Nature’s History Lesson ~ Anza Borrego Desert State Park, CA

Carrizo Badlands
Carrizo Badlands

After an afternoon visit recently with friends Pam and John of Oh, The Places They Go, we decided hiking was in order, as they planned to spend time in Anza Borrego Desert State Park, just an hour away from where we are staying.

Anza Borrego is the largest desert park in America and California’s largest state park, a whopping 600,000+ acres.  It takes its name from the 18th-century Spanish explorer Juan Batista de Anza and borrego, Spanish word for bighorn sheep, of which there are between 250-300 in the park.  More than 500 miles of roads snake through the park, and 110 miles of hiking trails assure nature lovers ample opportunity to get their desert fix.

Pam and John decided on three combined short hikes in Blair Valley, familiar trails for them.  Our day was to be one of interesting finds, a day to revisit history.  The first leg of our hike was up Ghost Mountain to see the remains of Yaquitepec, the primitive, mountaintop home of poet, author, and artist Marshal South and family. For 17 years, Marshal, wife Tanya, and their three children lived a life of simplicity and isolation on the top of Ghost Mountain, a difficult life for even the hardiest of souls.  The rusted reflections of their time here are evidenced by the still-standing doorframe, dilapidated bed frame, and rain storage barrels.  For me, the 360º panorama from the mesa top was the best part of the hike.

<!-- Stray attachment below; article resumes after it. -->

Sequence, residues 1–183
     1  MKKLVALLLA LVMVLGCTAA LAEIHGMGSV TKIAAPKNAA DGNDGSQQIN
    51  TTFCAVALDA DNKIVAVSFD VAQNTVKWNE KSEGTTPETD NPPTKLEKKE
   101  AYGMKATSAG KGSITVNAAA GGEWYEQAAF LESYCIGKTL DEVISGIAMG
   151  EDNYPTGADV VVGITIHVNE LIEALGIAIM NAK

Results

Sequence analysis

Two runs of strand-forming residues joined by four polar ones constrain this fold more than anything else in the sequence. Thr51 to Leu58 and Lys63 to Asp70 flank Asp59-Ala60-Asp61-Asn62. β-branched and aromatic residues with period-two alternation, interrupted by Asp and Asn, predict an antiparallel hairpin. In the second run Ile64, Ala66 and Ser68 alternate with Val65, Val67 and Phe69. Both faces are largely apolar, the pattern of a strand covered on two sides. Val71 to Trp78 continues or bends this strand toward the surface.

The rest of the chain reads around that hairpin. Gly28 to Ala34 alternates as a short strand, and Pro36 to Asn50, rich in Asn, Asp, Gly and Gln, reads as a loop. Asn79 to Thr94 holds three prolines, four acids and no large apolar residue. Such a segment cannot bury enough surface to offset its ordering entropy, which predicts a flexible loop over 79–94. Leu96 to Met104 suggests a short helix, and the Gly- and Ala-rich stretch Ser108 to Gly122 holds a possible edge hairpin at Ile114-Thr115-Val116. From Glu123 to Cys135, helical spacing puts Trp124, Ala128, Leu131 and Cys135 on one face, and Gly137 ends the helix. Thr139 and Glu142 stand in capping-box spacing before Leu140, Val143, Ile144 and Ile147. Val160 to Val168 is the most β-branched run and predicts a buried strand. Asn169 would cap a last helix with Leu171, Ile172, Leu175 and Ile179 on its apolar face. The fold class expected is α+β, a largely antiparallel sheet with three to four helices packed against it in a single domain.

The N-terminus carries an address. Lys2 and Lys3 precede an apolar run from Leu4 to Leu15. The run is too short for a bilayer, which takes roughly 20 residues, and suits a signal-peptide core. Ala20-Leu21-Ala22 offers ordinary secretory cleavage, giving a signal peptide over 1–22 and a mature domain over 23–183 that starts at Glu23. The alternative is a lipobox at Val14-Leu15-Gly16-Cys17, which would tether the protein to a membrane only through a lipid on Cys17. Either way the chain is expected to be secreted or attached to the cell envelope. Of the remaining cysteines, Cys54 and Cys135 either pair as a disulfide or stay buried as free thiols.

From here we headed over to a trail where pictographs could be found, then into Smuggler’s Canyon, where a dry waterfall marks the end of the trail, with a spectacular view that slopes down to the valley below.  When walking back out, Pam spotted a sun halo, an atmospheric phenomenon introduced to us a few years ago by Nina of Wheeling It.

The last of our hiking for the day took us out to a canyon trail where a number of granite boulders contained morteros, grinding holes created by Native Americans as they ground their daily meals from the bounty nature provided them.

If we had ended our day here, it would have been a wonderful day reveling in nature, exploring with friends, but Pam and John wanted us to experience Font’s Point, gazing  out over the Carrizo Badlands, hopeful of ending the day with a breathtaking desert sunset.  We were not disappointed.

For a bit more history of the area,  check out John’s post here.  A former history teacher can say it much better than me. 😉

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